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2015 Virginia Football Preview: Will Steve Fairchild's offense show fans anything different this year?

Having already looked at all the individual units, now its time to put it all together and see what the offense as a whole is going to look like. The talk during camp has been about a move to a power-rushing scheme. But a lot of fans are in the "I'll be believe it when I see it" camp. Steve Fairchild hasn't shown the ability to adjust to his personnel, or to make creative play-calls. If the Hoos are going to be successful this year, that is going to have to change.

Matt Johns is ready to lead the Hoos' offense this year.
Matt Johns is ready to lead the Hoos' offense this year.
Geoff Burke-USA TODAY Sports

We’ve looked at each individual unit, we’ve looked at the newcomers and we’ve looked at some of the big names. But now we’re going to attempt to put it all together. What is the team going to look like this year? Today, we’ll look at the offense. Tomorrow, we’ll take on the defense. Matt already looked at the special teams, although much of that changed dramatically with the injury to T.J. Thorpe.

Heading into last season, there were a number of questions about the Hoos’ offense. There were questions along the OL, in part due to some injuries (Jay Whitmire). There were questions about the WR corps, with two talented freshmen pushing for reps, a number of returning contributors and an injury to senior Dominique Terrell. But there were no questions at QB and there were no questions at RB. At QB, the starter was Greyson Lambert and the backup was Matt Johns. At RB, the starter was Kevin Parks and the backup was Khalek Shepherd.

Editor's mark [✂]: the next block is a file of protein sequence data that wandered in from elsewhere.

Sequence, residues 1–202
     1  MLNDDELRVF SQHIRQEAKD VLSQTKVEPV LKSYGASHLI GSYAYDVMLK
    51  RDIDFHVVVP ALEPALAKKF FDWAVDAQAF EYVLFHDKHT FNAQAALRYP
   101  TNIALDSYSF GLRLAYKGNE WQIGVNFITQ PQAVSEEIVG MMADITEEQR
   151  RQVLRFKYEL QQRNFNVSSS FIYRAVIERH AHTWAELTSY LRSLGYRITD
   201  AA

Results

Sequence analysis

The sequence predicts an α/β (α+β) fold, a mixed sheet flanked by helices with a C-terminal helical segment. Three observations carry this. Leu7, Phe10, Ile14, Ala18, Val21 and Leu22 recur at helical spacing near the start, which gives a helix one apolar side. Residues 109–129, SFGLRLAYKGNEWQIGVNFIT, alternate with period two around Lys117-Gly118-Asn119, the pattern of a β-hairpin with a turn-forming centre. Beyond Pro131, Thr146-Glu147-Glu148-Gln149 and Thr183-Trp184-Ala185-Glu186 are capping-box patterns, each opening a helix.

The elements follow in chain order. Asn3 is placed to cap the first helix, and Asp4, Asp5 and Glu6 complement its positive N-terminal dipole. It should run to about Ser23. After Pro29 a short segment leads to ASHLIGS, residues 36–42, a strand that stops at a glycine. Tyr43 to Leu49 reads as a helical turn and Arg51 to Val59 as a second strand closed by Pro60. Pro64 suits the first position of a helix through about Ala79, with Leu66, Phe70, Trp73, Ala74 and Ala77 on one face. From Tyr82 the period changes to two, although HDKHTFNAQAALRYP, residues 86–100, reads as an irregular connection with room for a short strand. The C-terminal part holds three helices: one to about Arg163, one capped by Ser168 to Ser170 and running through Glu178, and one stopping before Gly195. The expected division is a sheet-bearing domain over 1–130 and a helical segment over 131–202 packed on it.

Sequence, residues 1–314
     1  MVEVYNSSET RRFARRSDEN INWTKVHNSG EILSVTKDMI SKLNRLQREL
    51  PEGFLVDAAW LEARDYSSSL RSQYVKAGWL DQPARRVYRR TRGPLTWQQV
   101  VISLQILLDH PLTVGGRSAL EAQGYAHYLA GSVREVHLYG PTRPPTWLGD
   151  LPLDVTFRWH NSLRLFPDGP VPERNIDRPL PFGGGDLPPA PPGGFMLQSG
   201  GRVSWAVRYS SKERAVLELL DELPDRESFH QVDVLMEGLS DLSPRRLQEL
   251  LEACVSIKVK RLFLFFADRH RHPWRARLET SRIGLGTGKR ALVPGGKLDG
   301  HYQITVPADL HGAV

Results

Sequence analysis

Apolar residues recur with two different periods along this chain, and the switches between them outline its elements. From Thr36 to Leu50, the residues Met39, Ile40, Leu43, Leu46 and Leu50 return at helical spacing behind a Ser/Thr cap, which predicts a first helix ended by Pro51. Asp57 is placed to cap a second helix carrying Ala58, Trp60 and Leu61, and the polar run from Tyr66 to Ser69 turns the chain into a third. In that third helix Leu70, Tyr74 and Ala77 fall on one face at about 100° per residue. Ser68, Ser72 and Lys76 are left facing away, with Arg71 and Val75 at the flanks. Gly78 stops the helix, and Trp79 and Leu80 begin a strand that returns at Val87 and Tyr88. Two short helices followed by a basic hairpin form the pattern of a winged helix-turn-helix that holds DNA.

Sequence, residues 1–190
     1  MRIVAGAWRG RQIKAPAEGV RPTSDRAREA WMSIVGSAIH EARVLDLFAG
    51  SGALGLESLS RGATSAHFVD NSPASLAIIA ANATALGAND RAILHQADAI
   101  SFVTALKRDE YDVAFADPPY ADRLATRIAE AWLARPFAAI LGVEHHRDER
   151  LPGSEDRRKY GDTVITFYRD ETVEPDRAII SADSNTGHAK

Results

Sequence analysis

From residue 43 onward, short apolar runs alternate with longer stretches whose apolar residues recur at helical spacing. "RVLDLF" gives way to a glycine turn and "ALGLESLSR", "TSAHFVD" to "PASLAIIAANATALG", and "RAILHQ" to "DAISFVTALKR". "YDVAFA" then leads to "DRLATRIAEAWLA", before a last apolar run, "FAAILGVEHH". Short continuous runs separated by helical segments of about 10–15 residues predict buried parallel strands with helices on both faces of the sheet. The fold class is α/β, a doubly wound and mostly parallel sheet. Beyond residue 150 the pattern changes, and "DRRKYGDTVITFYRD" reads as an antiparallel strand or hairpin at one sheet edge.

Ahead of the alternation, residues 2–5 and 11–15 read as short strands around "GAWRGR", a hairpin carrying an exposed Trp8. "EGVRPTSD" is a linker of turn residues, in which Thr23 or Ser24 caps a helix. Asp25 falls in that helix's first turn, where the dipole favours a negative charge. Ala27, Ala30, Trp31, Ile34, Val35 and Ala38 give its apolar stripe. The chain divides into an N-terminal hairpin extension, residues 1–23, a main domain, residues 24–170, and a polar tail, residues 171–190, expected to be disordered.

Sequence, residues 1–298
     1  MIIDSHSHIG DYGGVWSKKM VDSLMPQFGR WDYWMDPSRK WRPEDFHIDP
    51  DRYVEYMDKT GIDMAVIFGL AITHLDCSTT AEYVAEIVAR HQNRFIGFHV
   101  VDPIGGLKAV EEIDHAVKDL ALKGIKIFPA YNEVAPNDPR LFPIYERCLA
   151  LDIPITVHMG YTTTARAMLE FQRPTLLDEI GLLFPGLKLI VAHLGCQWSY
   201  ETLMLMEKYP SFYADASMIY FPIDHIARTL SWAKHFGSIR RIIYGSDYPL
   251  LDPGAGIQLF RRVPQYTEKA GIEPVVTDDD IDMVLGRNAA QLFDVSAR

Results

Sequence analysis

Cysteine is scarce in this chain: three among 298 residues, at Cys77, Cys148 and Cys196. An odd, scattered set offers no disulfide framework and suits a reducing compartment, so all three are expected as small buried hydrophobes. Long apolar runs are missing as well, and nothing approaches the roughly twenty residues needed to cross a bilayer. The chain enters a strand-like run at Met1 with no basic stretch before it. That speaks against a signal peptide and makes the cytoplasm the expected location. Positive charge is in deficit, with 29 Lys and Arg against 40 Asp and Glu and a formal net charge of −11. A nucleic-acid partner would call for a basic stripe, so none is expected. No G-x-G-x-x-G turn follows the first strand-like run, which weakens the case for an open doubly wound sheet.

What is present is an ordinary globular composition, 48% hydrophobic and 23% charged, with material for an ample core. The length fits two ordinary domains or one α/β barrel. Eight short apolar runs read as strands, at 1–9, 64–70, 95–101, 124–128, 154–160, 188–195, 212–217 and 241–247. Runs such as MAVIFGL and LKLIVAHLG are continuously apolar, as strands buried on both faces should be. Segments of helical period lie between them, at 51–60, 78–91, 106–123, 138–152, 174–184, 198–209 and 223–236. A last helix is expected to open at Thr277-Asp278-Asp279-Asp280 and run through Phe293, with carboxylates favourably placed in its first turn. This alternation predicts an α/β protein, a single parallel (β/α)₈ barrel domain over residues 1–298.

Of course, the QB situation took all of one half to turn into a mess. The WRs ended up being a strength and the OL was solid despite suffering several more injuries. So, lesson learned…preseason projections are often quick to be tossed overboard.

Nonetheless, we’re going to make some more projections.

As we learned in the unit previews, QB is as settled as it’s been in quite some time. As the only experienced QB on the roster, Matt Johns is the starter. The only question is who will back him up. After seeing Lambert pulled just 29 minutes into his starting career (and then re-inserted as the starter another 31 minutes later), there is no telling what might happen this year. However, with a pair of very raw backups, Johns seems safe. At least for a while.

Offensive Coordinator Steve Fairchild has talked during camp of implementing a "power-rushing" game. The idea being that the Hoos will line up against the opposition and run the ball down their throats all game long. Of course, that isn’t going to happen. Nobody does that, not in today’s game. But if the idea is simply to emphasize the run, and de-emphasize the pass, this is a good idea.